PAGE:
Scotland's death rate rises by 4% on five-year national average

The leading cause of death for females was dementia and Alzheimer's while for males it was ischaemic heart disease.

Scotland’s death rate rises by 4% on five-year national average, according to National Record of Scotland iStock

The death rate in Scotland has risen 4% higher than the five-year average last month, new data has revealed.

The provisional figures, revealed by the National Record of Scotland (NRS), showed there were 5,646 deaths in March – an increase of 11% on the previous month.

The number of deaths also amounts to 10% higher than the March five-year-average.

However, when taking into account the size and age structure of the population, the mortality rate was 1,199 per 100,000 people – 4% higher than the average rate for March.

NRS said that calculation based on age-standardised rates gives a “more accurate picture” of excess deaths by removing the impact of the growing and ageing population.

The data shows there were 526 excess deaths in March and people aged 80 and over accounted for 62% of them.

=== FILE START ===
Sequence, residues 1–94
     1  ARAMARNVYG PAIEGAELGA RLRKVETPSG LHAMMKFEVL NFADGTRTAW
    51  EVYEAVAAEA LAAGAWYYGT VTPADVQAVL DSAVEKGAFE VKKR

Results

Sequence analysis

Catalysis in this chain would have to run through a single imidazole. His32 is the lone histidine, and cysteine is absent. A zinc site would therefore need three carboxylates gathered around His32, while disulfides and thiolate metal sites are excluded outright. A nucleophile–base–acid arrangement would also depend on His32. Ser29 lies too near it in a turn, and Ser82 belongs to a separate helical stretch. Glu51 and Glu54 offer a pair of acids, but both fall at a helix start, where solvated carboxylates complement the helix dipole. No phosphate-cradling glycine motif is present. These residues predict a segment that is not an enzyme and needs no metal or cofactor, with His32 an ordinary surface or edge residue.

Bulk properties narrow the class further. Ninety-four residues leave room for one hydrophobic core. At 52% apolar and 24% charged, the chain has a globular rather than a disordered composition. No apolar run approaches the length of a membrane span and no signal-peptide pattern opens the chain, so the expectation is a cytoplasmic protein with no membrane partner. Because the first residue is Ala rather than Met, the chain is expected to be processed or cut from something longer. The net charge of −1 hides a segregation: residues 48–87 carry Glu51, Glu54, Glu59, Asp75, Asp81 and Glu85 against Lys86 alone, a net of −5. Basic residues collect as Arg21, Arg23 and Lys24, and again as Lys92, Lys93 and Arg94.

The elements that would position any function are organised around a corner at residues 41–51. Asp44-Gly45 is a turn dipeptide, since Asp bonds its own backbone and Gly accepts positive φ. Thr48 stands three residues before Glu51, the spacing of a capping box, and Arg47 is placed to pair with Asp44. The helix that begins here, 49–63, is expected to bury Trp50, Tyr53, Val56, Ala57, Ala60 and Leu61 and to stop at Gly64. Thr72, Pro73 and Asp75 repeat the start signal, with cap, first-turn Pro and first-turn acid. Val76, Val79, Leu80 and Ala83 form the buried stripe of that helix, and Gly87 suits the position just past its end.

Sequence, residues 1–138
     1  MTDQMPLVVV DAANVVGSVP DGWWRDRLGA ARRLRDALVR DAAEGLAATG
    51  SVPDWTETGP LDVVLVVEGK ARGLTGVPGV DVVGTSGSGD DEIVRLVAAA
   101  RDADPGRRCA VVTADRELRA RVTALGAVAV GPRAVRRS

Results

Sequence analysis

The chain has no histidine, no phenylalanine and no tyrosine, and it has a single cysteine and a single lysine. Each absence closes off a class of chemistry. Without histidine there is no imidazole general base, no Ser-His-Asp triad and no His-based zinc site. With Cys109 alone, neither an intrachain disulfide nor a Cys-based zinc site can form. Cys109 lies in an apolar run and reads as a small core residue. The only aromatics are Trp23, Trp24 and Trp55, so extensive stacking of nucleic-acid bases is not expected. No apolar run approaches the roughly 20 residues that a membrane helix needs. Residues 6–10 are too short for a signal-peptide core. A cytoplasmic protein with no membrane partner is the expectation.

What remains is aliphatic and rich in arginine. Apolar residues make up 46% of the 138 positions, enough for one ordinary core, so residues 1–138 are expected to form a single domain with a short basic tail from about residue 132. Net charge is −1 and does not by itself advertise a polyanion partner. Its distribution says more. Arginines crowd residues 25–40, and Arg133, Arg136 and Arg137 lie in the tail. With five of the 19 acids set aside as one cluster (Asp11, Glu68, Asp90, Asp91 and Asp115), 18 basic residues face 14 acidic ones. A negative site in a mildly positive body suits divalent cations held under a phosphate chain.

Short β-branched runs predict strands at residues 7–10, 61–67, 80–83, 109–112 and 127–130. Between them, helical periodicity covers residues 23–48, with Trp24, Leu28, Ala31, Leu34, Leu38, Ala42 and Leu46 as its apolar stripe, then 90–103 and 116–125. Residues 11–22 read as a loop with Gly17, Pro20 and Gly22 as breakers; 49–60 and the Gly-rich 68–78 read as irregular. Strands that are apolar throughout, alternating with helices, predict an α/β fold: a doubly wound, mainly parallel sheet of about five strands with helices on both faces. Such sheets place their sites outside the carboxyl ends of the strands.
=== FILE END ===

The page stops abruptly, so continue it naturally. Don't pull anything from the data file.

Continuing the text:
Ischaemic heart disease accounted for 12% of all deaths in March.

For females, the leading cause of death was dementia and Alzheimer’s disease (13%) in March, while the leading cause for males was ischaemic heart disease (15%).

Julie Ramsay, vital events statistician at NRS, said: “Deaths increased to higher than average levels during March after being at relatively normal levels during February.

“Our data shows that ischaemic heart disease was found to be the most common cause of all deaths in March.

“It was also the most common cause of death for men, however for women the most common cause was Alzheimer’s disease or other types of dementia.”

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